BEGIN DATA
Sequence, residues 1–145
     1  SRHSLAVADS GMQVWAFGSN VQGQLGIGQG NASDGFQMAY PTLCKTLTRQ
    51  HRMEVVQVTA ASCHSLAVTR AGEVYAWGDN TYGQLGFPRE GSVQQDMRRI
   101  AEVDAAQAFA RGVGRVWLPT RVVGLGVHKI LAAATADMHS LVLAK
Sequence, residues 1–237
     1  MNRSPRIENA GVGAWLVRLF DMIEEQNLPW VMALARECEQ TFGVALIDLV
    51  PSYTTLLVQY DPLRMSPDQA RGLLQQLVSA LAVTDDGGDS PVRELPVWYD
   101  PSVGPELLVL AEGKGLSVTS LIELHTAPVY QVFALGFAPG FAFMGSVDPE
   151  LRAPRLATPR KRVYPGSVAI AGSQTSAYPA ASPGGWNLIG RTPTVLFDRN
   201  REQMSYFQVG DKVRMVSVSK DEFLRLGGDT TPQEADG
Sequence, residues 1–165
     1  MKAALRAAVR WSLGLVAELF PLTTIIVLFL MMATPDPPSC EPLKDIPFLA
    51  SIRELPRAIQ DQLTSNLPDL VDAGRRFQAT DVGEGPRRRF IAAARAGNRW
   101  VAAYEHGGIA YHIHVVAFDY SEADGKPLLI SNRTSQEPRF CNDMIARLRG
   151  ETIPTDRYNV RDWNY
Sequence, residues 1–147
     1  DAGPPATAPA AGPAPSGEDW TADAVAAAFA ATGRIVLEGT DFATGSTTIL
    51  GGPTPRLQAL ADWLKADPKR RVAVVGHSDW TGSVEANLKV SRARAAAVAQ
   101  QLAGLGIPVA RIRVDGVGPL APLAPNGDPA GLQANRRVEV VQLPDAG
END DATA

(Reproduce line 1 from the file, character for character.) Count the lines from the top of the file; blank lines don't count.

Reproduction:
Sequence, residues 1–145